Mark Goodson Wiki
Now You See It.jpg
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Pilot: October 1973
CBS Daytime, April 1, 1974 – June 13, 1975
Number of episodes
Run time
30 Minutes
Jack Narz
Johnny Olson
Gene Wood
CBS Studio 33, Television City, Los Angeles, California

Now You See It was a game show based on Wordsearch.

Game Format[]

The main game principle was based on the word search concept. The game board had four rows ("lines") with 14 letters of the alphabet ("positions") in each row. The host of the show read general-knowledge trivia questions with single-word answers that were concealed within the jumble of letters on the board for that round. The answers on the board were always written horizontally from left to right.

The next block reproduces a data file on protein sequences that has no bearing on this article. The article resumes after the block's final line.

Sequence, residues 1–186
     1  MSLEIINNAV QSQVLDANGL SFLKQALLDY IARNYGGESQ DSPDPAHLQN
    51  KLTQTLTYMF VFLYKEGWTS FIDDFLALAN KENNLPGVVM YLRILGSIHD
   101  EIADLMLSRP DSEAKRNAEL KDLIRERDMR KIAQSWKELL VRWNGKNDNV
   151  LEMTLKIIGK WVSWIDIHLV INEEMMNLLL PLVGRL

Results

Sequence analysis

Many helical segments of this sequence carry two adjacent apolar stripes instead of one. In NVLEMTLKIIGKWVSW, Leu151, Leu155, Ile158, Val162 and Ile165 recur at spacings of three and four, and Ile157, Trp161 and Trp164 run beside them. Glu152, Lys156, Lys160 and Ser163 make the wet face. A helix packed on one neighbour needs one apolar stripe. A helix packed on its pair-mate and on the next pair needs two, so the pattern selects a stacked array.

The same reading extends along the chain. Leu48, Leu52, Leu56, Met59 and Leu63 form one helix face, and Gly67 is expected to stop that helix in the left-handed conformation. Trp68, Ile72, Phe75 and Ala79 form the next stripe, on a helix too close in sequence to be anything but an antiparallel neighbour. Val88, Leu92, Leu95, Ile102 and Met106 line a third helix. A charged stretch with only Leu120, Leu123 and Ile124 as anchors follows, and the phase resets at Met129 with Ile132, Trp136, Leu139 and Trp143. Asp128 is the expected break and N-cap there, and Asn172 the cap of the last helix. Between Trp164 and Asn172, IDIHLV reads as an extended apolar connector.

The original run used two formats during its run.

Format #1[]

Elimination Round[]

The first round of Now You See It under its original format began with four new players randomly split into two teams with one "outside" and one "inside" player each. The "outside" players turned their backs to the board as Narz read a question. The first "inside" player to ring in would say which line the correct answer appeared on. If the correct line was given, the "outside" player for that team turned around to give the position number and the word. If the wrong line was guessed, the other team got a free guess. If the correct position and answer was given, the team earned points equal to the sum of the line and position numbers (Example: a word on line 3 and in position 1 was worth 4 points). Otherwise, nobody scored for that word. Halfway through the round, the inside and outside players switched roles. The team that was in the lead when time ran out won the Elimination Round.